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I grew up in a village named Sunville. The elusive name mirages a utopian place, far too perfect for a few houses surrounded with forests, swamps and moorland. The coat of arms boasted a radiating yellow sun with a bright smile over a blue sky. Older versions of the shield showed a black sun with an upside down smile. Growing up, I started to understand that this melancholic sun symbolised a state of exception. The sun never sees a shadow, a philosopher once said, but it should be added that it casts many. After the suicide of my brother, I returned to our childhood homestead. In the forlorn months after his death, I wandered the countryside with a camera and stacks of accidentally expired film, registering locations of memories long repressed. The colour shifts in these exposed negatives suggested an indefinable time that foreshadowed our past. My photographs fused with snapshots from the family album and footage found in the village’s historical archive. The bluish Super 8 films my father had taken with his Kodak Instamatic were turned into tangible sequences of look-back time. After six seasons, these recordings were symbolically ended with a partial solar eclipse over the village. The coincidental event mediated this regression into our ruinous past between a eulogy and a metaphor about photography, with the sun as its protagonist. This new series became a research into the peripheries of the lens-based medium and the object-hood of the photographic surface – functioning individually in unique spatial installations and collectively within the constructed place of this book.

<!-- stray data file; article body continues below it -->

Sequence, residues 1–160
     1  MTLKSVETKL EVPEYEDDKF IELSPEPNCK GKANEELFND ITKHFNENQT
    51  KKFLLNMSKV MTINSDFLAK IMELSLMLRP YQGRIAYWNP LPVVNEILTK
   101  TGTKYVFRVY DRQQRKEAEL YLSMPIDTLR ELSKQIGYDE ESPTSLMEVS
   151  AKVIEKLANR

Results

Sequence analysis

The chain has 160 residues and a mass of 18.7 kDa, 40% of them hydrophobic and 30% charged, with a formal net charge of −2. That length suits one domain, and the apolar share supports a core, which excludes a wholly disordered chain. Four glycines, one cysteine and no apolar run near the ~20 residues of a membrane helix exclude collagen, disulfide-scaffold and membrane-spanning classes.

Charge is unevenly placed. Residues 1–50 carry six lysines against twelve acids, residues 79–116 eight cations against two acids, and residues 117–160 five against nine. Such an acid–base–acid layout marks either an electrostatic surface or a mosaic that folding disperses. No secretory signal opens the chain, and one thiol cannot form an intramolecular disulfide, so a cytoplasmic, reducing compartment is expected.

Original languageEnglish
Place of PublicationAntwerpen
PublisherLudion Publishers
Number of pages166
ISBN (Print)978-94-9181-984-1
StatePublished - 2018

ID: 17864951